You may know her as Kalinda from The Good Wife, but now Archie Panjabi has moved onto NBC's Blindspot. She was graceful and tuned in, taking directions well and playing around openly. This was a secondary shot after we covered a full-length on a white seamless for a New York Times Arts column. There were about 5 minutes left before she had to run, so we quickly rearranged the lights to focus just on her and darken the room behind her.
Karrin Anderson, a contributor to Bag News Notes had a whole lot to say about an image I shot for The NYTimes recently for a story on new mothers and maternity leave.
We’ve all heard of a pregnant pause, but for some women, childbearing no longer means pausing one’s professional life. After tech rock star and incoming Yahoo CEO Marissa Mayer announced her pregnancy (and her intention to work through a truncated maternity leave), discussion ensued about the practicality and advisability of her choice. The New York Times, for example, profiled women like Maria Seidman (pictured above) whose professions and financial circumstances either require or enable the comingling of their maternal and professional responsibilities immediately after their babies are born.
The modern portrait of “supernewmomhood” seen here both replicates and challenges the dominant narrative about the uber successful CEO supermom—the woman made possible by the second generation of feminism but privileged enough to “have it all” in ways that her feminist foremothers could not. Ann Marie Slaughter’s much debated piece in The Atlantic sought to debunk the notion that even women who exist in the stratosphere of economic privilege can realistically “have it all,” and Rebecca Traister rightly pointed out that the “have it all” standard was unproductive—for women and for feminism. Nonetheless, the arguments in that debate are reflected visually in this photo......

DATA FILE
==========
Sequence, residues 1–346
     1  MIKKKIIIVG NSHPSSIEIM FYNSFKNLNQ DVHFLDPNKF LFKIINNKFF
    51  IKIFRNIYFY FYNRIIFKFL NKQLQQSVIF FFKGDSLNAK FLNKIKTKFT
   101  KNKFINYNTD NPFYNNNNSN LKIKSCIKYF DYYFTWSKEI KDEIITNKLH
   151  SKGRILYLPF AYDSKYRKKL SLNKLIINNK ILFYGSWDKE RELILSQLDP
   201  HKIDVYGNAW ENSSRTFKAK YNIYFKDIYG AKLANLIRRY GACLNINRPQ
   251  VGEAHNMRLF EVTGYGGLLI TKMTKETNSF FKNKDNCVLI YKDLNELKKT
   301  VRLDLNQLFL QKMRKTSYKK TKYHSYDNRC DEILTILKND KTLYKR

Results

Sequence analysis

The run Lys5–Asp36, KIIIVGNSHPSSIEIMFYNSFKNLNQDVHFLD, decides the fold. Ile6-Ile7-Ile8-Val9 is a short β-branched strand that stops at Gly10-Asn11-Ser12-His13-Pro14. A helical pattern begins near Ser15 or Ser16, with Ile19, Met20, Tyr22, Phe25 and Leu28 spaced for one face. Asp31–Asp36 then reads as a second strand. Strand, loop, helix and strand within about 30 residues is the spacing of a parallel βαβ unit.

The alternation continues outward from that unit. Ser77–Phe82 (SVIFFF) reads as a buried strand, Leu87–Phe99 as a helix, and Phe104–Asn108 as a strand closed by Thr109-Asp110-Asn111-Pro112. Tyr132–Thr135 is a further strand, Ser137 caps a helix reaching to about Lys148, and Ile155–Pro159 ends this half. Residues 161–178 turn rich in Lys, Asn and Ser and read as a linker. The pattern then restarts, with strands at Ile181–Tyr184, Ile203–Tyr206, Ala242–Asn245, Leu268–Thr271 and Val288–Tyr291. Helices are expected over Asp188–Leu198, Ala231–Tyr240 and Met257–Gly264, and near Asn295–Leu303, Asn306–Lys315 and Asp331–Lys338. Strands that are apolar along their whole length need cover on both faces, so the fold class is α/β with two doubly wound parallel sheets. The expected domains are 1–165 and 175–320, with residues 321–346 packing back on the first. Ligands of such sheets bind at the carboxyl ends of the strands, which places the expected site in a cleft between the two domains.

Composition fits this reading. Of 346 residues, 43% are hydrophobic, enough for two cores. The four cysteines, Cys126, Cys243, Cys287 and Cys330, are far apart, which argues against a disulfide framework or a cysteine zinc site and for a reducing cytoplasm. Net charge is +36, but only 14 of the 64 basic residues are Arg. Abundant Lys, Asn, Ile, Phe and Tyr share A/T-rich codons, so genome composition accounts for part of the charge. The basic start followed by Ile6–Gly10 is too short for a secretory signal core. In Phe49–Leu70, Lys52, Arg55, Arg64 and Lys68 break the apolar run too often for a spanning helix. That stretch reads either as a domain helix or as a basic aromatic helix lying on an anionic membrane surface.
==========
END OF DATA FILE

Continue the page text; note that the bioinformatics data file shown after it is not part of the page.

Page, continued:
Potentially the most powerful gay couple in the world, Chris Hughes and Sean Eldridge are getting married at their Garrison, NY estate in June. Hughes is a co-founder of Facebook and organized Obama's 2008 online campaign and is now editor-in-chief of The New Republic. Eldridge is an investor and political director of the Freedom to Marry organization. Quite the combination. Read the story here.
If I hadn't met the Mob Wives cast in person I wouldn't believe they were real. These ladies are intense and larger than life (in more ways than one, wink). I had to shoot two groups at separate locations because any little comment could set them off into a battle. And the producers of the reality show want to be there when the shit hits the fan.
For this assignment I was asked to make a "variety" of portraits of a hot shot entrepreneur at a crowded Manhattan bookstore one weekday evening. Mr. Brule was noticeably impatient, the reporter was hovering, the PR handler kept reminding me they had no time, and the location was cramped and visually limited, and to top it off my flash tube died out...A perfect storm. Instead of freaking out I channeled my inner yogi and kept cool (also I've been playing Batman Arkham City lately and have been inspired to handle intense situations like a badass). The muscles in my face relaxed and I spoke in soothing tones. I requested that the manager shut off a couple of lights above the magazine section, flipped on the modeling light, shuffled some magazines around and made some small talk with the subject. Suddenly the nightmare turned into a little puzzle I was piecing together. After a few frames I stuck a strobe on my camera with a wide lens and made a different image in the same spot (variety = done). Come this Thursday I was pleased to see a huge run of Tyler Brule's portrait. Bada-bing, bada-boom.